I want some prepositions questions and answers!!
- ?Lv 71 decade agoFavorite Answer
Adpositions form a heterogeneous class, with fuzzy boundaries that tend to overlap with other categories (like verbs, nouns, and adjectives). It is thus impossible to provide an absolute definition that picks out all and only the adpositions in every language. The following properties are, however, characteristic of the most frequently used, "core" members of most adpositional systems:
Adpositions are among the most frequently occurring words in languages that have them. For example, one frequency ranking for English word forms  begins as follows (adpositions in bold):
the, of, and, to, a, in, that, it, is, was, I, for, on, you, …
The most common adpositions are single, monomorphemic words. According to the ranking cited above, for example, the most common English prepositions are:
of, to, in, for, on, with, as, by, at, from, …
An adposition combines syntactically with exactly one complement phrase, most often a noun phrase.
An adposition establishes the grammatical relationship that links its complement phrase to another word or phrase in the context.
An adposition determines certain grammatical properties of its complement (e.g. its case).
Adpositions are non-inflecting (or "invariant"); i.e., they do not have paradigms of forms (for different tenses, cases, genders, etc.) in the same way as verbs, adjectives, and nouns in the same language.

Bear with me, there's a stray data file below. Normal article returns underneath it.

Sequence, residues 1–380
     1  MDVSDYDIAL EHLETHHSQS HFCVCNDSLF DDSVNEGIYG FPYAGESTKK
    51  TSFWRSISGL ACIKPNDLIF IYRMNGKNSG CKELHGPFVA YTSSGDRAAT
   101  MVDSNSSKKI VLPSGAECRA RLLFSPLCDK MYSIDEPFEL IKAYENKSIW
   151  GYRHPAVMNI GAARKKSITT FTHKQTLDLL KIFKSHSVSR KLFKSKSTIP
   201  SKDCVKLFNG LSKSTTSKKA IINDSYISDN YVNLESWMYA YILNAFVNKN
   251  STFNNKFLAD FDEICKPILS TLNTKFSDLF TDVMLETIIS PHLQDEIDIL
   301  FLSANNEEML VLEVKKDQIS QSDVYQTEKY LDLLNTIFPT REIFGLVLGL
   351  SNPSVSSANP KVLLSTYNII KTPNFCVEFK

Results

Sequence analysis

Adpositions form a closed class of lexical items and cannot be productively derived from words of other categories.
Simple adpositions consist of a single word, while complex adpositions consist of a group of words that act as one unit. Some examples of complex prepositions in English are:
in spite of, with respect to, except for, by dint of, next to
The boundary between simple and complex adpositions is not clear-cut. Many simple adpositions are derived from complex forms (e.g. with + in → within, by + side → beside) through grammaticalization. This change takes time, and during the transitional stages the adposition acts in some ways like a single word, and in other ways like a multi-word unit. For example, current German orthographic conventions recognize the indeterminate status of the following adpositions, allowing two spellings: 
anstelle / an Stelle ("instead of"), aufgrund / auf Grund ("because of"), mithilfe / mit Hilfe ("thanks to"), zugunsten / zu Gunsten ("in favor of"), zuungunsten / zu Ungunsten ("to the disadvantage of"), zulasten / zu Lasten ("at the expense of")
The boundary between complex adpositions and free combinations of words is also a fuzzy one. For English, this involves structures of the form "preposition + (article) + noun + preposition". The following characteristics are good indications that a given combination is "frozen" enough to be considered a complex preposition in English:
The surface position of an adposition with respect to its complement allows us to define the following subclasses:
A preposition precedes its complement to form a prepositional phrase.
German: auf dem Tisch, French: sur la table, Polish: na stole ("on the table")
A postposition follows its complement to form a postpositional phrase.
Mandarin: zhuō shàng, Japanese: teeburu ni (lit. "table on")
These two terms are in fact much more commonly used than the more general adposition. Whether a language has primarily prepositions or postpositions is seen as an important aspect of its typological classification, correlated with many other properties of the language according to research into linguistic universals.Source(s): http://en.wikipedia.org/wiki/Prepositions
- 1 decade ago